Anterior cervical discectomy and fusion (ACDF) is a surgical procedure to treat nerve root or spinal cord compression by decompressing the spinal cord and nerve roots of the cervical spine in order to stabilize the corresponding vertebrae.
In an ACDF procedure, the neurosurgeon enters the space between two discs through a small incision in front (anterior) of and at the right or left side of the neck. The disc is completely removed, as well as arthritic bone spurs. The disc material, pressing on the spinal nerve or spinal cord, is then completely removed. The intervertebral foramen, the bone channel through which the spinal nerve runs, is then enlarged with a drill giving the nerve more room to exit the spinal canal.
To prevent the vertebrae from collapsing and to increase stability, the open space is often filled with bone graft, taken from the pelvis or cadaveric bone. The slow process of the bone graft joining the vertebrae together is called "fusion." Sometimes a titanium plate is screwed onto the vertebrae or screws are used between the vertebrae to increase stability during fusion, especially when there is more than one disc involved.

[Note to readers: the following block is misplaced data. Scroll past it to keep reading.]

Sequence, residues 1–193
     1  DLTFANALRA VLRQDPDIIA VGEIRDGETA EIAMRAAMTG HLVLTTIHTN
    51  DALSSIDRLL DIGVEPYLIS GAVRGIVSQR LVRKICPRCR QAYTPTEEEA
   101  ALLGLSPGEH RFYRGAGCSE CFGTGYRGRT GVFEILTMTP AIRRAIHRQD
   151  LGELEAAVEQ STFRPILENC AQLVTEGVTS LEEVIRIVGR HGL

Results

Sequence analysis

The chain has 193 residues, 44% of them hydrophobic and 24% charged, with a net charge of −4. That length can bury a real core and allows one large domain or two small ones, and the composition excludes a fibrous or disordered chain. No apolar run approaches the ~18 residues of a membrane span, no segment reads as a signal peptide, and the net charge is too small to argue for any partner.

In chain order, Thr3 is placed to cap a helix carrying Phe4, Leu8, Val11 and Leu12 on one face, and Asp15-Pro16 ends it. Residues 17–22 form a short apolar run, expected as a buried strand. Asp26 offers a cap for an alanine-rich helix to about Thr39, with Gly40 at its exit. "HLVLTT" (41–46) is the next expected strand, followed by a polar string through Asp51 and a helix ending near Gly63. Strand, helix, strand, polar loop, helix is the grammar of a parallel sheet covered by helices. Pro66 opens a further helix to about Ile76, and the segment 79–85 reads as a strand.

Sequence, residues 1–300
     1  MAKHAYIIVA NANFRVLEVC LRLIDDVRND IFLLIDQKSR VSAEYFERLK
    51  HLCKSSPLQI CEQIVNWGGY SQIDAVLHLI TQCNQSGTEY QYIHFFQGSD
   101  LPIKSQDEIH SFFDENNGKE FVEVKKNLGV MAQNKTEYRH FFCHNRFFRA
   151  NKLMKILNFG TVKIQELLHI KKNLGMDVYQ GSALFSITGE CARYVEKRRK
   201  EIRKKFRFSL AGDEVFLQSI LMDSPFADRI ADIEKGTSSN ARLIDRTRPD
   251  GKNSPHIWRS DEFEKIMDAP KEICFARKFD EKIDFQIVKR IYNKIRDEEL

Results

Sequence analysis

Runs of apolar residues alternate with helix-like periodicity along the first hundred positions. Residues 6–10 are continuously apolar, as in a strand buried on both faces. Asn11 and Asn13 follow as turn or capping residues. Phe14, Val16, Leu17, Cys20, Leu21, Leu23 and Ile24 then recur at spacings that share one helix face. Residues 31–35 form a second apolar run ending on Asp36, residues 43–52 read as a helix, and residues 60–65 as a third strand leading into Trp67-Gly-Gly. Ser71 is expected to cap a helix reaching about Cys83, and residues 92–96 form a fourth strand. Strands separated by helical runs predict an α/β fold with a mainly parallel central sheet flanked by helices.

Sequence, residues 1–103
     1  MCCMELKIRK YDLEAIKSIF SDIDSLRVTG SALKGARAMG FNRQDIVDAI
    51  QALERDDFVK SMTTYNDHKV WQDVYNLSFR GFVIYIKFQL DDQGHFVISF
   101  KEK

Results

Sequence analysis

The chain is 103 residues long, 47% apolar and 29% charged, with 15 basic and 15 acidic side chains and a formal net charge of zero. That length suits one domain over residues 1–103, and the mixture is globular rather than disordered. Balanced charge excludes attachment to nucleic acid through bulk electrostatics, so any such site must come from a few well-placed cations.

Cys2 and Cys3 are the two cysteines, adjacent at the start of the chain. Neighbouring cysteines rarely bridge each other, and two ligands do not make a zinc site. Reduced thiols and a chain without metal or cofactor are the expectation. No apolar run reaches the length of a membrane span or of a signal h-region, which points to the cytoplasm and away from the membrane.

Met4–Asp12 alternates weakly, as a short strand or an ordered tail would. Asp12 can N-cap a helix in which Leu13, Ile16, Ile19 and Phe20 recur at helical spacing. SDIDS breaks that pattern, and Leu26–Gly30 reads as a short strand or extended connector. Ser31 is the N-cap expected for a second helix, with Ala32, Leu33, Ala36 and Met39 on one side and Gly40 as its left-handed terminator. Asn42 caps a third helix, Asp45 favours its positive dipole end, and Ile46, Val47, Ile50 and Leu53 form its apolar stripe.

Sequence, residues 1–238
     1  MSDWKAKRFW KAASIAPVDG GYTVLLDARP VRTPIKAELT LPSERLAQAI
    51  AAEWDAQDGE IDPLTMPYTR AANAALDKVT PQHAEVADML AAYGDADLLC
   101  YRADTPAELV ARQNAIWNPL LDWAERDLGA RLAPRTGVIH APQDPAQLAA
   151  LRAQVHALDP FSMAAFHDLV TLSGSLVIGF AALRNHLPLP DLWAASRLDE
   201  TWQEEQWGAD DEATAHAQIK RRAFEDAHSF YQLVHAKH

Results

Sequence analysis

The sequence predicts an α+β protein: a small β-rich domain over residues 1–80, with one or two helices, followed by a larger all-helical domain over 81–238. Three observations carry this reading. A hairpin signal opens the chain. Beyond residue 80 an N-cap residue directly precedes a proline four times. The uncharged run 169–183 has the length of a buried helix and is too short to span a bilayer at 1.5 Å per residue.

The surgery requires a short stay in the clinic (1 to 3 days) and a gradual recovery between 1 to 2 weeks. However, the technology has advanced and it can be performed by 'Endoscopic Micro Discectomy’ with the patient able to continue his normal life in two days. The patient may be advised to wear a neck brace or collar (for up to 8 weeks) that serves to ensure proper spinal alignment.
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